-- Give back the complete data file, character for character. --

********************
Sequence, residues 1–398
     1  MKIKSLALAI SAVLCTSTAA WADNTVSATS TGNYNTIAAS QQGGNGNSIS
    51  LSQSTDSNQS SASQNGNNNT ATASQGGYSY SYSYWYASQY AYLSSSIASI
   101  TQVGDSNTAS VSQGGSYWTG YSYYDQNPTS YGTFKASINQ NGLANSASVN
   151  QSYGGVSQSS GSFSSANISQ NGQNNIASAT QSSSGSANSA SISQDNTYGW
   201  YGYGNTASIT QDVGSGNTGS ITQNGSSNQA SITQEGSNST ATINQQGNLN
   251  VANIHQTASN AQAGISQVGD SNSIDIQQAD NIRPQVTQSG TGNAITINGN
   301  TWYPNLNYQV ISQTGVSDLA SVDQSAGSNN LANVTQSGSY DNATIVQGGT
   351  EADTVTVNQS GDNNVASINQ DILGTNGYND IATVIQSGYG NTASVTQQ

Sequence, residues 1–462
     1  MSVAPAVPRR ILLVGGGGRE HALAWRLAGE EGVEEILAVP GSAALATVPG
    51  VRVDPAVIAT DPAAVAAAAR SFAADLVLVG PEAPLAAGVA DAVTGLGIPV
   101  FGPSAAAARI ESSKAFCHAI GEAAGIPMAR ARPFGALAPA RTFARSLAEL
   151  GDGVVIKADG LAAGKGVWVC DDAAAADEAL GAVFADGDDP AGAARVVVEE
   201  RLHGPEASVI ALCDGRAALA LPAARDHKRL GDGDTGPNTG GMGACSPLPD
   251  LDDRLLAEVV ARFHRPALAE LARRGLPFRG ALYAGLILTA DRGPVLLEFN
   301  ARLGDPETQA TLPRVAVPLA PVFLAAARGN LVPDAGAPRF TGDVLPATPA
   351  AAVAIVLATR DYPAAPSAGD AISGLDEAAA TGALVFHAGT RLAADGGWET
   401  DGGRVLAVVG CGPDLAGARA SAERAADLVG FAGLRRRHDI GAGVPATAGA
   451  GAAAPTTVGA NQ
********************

Sequence, residues 1–398
     1  MKIKSLALAI SAVLCTSTAA WADNTVSATS TGNYNTIAAS QQGGNGNSIS
    51  LSQSTDSNQS SASQNGNNNT ATASQGGYSY SYSYWYASQY AYLSSSIASI
   101  TQVGDSNTAS VSQGGSYWTG YSYYDQNPTS YGTFKASINQ NGLANSASVN
   151  QSYGGVSQSS GSFSSANISQ NGQNNIASAT QSSSGSANSA SISQDNTYGW
   201  YGYGNTASIT QDVGSGNTGS ITQNGSSNQA SITQEGSNST ATINQQGNLN
   251  VANIHQTASN AQAGISQVGD SNSIDIQQAD NIRPQVTQSG TGNAITINGN
   301  TWYPNLNYQV ISQTGVSDLA SVDQSAGSNN LANVTQSGSY DNATIVQGGT
   351  EADTVTVNQS GDNNVASINQ DILGTNGYND IATVIQSGYG NTASVTQQ

Sequence, residues 1–462
     1  MSVAPAVPRR ILLVGGGGRE HALAWRLAGE EGVEEILAVP GSAALATVPG
    51  VRVDPAVIAT DPAAVAAAAR SFAADLVLVG PEAPLAAGVA DAVTGLGIPV
   101  FGPSAAAARI ESSKAFCHAI GEAAGIPMAR ARPFGALAPA RTFARSLAEL
   151  GDGVVIKADG LAAGKGVWVC DDAAAADEAL GAVFADGDDP AGAARVVVEE
   201  RLHGPEASVI ALCDGRAALA LPAARDHKRL GDGDTGPNTG GMGACSPLPD
   251  LDDRLLAEVV ARFHRPALAE LARRGLPFRG ALYAGLILTA DRGPVLLEFN
   301  ARLGDPETQA TLPRVAVPLA PVFLAAARGN LVPDAGAPRF TGDVLPATPA
   351  AAVAIVLATR DYPAAPSAGD AISGLDEAAA TGALVFHAGT RLAADGGWET
   401  DGGRVLAVVG CGPDLAGARA SAERAADLVG FAGLRRRHDI GAGVPATAGA
   451  GAAAPTTVGA NQ